The Accounting Trick That Will Haunt Public Pensions
State and local government employee pensions around the country are significantly underfunded. The Governmental Accounting Standards Board (GASB), which is the closest thing that comes to a regulator of public pensions, tells them, through its accounting rules, that the single best thing pensions can do to improve their funding is to take greater investment risk. Economic theory, accounting rules applied to virtually all other pension plans, and plain common sense strongly disagree. GASB rules cause U.S. public pensions both to vastly understate their true liabilities and to take excessive investment risk, putting in danger both government budgets and the economy as a whole. With pension liabilities breathing down the necks of state and local governments around the nation, it is time for bond rating agencies to expose what GASB rules sweep under the rug.
Under GASB' current accounting standards, state and local pensions "discount" their future benefit liabilities using the assumed rate of return on pension's assets, typically 8 percent. Discounting calculates the present value of a future payment by subtracting interest each year, something like compound interest in reverse. Under GASB's current standards, public pensions were around 76 percent funded as of fiscal year 2010, with unfunded liabilities exceeding $750 billion.
Bad as this may seem, the reality is worse. In economic theory, financial markets and the rest of the pension world, riskless liabilities like public pensions are valued using low discount rates to reflect the fact that public employee benefits are guaranteed, by law, legal precedents and often constitutional amendments. If accrued pension benefits are valued using riskless Treasury yields, unfunded liabilities today top $4 trillion, an amount that makes most current pension plans financially unfeasible.
In response to criticism, GASB in June proposed amended rules. Under the new standards, the current 8 percent discount rate could be applied to benefits only through the years in which the plan's assets are expected to last. Liabilities occurring in years after plan assets would be exhausted must be valued using a lower municipal bond rate.
Any step toward reality would seemingly be welcome. But GASB's new approach would reduce pension funding ratios by only around 10 percentage points. As the State Budget Crisis Taskforce report recently stated, even the new GASB rules "fall far short of what finance experts argue is appropriate and reported unfunded liabilities will not increase anywhere near as much as they would under a pure finance approach."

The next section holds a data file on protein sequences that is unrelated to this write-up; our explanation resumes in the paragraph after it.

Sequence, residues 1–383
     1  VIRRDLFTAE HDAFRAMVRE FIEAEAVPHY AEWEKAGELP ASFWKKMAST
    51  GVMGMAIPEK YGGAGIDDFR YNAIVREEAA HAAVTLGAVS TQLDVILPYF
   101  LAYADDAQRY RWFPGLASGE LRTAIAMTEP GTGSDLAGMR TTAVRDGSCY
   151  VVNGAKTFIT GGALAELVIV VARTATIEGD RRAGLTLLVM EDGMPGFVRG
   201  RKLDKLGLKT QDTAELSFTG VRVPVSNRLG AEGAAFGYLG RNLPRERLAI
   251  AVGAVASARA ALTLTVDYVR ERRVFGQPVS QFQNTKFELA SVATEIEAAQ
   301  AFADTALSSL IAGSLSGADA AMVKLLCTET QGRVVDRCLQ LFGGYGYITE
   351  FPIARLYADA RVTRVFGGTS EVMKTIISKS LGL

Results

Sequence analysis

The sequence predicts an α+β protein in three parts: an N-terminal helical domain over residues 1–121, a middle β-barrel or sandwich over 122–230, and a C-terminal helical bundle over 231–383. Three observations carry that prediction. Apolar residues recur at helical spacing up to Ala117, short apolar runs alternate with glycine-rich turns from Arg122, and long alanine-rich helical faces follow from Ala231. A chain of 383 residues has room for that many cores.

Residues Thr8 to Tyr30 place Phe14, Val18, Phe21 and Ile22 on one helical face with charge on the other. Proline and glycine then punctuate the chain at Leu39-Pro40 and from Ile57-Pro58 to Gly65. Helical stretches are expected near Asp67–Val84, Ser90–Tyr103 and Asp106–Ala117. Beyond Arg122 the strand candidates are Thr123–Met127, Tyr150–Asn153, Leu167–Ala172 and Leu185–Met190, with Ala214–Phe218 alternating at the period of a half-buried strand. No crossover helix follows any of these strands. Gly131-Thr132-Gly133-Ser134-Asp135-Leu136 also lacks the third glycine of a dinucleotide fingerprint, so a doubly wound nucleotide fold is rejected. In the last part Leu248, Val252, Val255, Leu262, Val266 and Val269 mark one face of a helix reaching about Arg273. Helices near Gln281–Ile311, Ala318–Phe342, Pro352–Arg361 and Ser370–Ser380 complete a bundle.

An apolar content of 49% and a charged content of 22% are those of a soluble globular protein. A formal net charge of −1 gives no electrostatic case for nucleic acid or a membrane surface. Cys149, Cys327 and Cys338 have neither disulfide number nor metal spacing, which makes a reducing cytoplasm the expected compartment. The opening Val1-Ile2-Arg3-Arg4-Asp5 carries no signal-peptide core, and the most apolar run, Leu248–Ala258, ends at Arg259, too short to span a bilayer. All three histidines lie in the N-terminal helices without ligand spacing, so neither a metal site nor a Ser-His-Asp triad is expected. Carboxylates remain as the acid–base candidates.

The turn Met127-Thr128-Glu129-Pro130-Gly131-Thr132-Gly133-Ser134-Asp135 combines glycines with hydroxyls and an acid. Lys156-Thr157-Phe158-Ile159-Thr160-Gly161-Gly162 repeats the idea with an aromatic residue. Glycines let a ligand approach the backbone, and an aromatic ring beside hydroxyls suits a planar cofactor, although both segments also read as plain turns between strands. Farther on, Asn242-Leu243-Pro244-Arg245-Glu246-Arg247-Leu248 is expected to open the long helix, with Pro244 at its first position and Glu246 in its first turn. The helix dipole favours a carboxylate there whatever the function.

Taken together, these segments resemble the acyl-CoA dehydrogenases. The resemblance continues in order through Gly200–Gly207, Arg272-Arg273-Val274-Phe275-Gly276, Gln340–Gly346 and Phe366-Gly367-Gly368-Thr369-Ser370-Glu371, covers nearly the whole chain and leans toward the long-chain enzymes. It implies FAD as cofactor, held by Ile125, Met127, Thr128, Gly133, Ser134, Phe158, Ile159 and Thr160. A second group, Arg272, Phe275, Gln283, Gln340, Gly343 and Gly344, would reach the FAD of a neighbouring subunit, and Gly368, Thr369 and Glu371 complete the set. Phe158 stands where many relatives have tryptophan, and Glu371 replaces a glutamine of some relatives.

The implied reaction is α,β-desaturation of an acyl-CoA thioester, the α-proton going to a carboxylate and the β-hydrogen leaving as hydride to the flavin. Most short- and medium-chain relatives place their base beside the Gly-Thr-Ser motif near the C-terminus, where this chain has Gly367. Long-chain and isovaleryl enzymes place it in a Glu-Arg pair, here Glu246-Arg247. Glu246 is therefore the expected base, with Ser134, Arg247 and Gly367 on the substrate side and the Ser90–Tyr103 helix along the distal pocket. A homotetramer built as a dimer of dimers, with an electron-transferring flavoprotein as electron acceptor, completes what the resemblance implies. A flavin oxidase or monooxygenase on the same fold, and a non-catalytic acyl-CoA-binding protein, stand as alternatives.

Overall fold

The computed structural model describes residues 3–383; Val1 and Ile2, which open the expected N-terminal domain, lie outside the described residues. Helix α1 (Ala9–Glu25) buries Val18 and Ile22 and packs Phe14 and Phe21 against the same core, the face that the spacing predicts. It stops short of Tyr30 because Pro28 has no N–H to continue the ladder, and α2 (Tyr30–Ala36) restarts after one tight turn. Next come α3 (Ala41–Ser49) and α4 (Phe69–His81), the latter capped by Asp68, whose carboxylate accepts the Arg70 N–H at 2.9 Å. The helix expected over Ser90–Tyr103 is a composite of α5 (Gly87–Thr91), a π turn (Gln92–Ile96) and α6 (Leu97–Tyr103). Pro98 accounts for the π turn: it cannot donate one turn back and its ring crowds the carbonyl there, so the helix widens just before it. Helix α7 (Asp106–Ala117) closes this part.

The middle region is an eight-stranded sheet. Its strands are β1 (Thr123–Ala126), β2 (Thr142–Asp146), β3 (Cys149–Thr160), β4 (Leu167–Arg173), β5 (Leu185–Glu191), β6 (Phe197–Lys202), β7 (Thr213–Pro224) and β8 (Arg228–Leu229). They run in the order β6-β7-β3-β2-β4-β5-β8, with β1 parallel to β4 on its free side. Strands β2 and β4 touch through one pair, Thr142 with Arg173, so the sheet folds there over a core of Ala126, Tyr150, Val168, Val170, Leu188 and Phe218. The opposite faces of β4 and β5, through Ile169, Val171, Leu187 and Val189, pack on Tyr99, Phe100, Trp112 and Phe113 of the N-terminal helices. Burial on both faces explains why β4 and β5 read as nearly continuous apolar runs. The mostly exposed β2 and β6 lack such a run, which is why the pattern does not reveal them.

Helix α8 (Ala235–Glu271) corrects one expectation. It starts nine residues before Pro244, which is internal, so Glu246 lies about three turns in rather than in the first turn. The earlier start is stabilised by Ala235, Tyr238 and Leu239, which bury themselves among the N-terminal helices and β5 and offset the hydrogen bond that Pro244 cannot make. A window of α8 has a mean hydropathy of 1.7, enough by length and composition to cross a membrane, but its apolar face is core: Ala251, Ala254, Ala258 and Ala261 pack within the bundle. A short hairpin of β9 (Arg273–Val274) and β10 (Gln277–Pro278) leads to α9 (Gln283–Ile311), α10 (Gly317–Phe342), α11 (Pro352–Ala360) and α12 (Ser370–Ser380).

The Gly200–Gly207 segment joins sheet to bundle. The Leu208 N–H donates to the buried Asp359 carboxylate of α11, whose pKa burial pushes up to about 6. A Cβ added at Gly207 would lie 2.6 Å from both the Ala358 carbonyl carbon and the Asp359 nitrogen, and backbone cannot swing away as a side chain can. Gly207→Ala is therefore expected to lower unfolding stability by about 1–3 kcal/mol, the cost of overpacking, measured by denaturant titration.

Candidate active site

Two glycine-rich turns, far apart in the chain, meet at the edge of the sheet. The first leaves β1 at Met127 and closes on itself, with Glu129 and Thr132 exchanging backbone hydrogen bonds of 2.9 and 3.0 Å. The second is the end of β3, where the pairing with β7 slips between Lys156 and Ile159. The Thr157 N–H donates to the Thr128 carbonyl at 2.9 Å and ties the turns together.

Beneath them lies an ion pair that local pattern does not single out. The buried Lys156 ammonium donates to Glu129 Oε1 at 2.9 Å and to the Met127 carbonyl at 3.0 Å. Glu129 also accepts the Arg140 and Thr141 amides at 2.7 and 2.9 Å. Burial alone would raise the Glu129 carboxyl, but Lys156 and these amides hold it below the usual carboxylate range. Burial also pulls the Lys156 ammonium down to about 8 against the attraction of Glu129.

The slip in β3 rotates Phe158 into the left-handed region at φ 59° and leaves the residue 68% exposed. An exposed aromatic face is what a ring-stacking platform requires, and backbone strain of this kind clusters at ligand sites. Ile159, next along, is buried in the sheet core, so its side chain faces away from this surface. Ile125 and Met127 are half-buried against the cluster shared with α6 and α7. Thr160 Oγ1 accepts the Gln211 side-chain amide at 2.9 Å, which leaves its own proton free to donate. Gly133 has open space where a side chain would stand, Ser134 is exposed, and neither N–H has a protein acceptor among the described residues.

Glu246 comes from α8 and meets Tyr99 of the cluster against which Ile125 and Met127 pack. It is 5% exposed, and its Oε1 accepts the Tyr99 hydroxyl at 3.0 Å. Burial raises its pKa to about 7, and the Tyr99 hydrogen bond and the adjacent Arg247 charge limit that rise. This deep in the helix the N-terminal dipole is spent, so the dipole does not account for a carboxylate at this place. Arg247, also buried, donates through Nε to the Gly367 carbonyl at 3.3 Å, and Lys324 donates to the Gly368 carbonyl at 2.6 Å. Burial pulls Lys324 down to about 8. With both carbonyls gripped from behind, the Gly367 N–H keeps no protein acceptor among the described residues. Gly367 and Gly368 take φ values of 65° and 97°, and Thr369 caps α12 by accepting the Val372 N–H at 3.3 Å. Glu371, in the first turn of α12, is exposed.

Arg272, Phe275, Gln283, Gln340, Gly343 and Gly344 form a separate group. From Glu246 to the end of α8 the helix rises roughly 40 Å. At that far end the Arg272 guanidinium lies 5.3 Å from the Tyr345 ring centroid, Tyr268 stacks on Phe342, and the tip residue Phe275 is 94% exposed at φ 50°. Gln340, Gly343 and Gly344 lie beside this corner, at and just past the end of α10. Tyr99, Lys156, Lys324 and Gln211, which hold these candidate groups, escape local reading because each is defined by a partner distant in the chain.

But the dangers of GASB's discounting rules are far from merely theoretical. Like the current rules, the new regulations tell pensions that boosting investment risk automatically makes them better funded, before a dime of higher returns have been realized. Since riskier investments have higher expected returns, shifting to a riskier portfolio allows public pensions to use a higher discount rate, instantly improving their funding status.
And these misaligned incentives have real effects. In a recent study, economists Aleksandar Andonov and Rob Bauer of Maastricht University and Martijn Cremers of Notre Dame show that public sector pensions in the U.S. take greater investment risk than either U.S. corporate pensions or public plans abroad, which cannot discount liabilities using high expected asset returns. "In the past two decades," the authors state, "U.S. public funds uniquely increased their allocation to riskier investment strategies in order to maintain high discount rates and present lower liabilities..." Accounting-driven choices for U.S. public sector pensions, the authors say, "have large economic effects and could have potentially severe future consequences."
Despite GASB's intransigence, there is hope on the horizon. The bond ratings agency Moody's, buttressed by a number of academic studies and government agency reports, announced in early July that it will no longer accept state and local governments' pension liability figures at face value. Instead, Moody's will value pension liabilities using yields from high quality corporate bonds, similar to the standards applied to private pensions. While corporate bond yields are almost surely too high -- public pension benefits remain safer than corporate pensions and thus should be discounted at lower rates -- even this change would nearly triple unfunded pension liabilities to $2.2 trillion nationally. Once bond markets take notice, state and local governments will at last face market pressure to manage their pensions responsibly.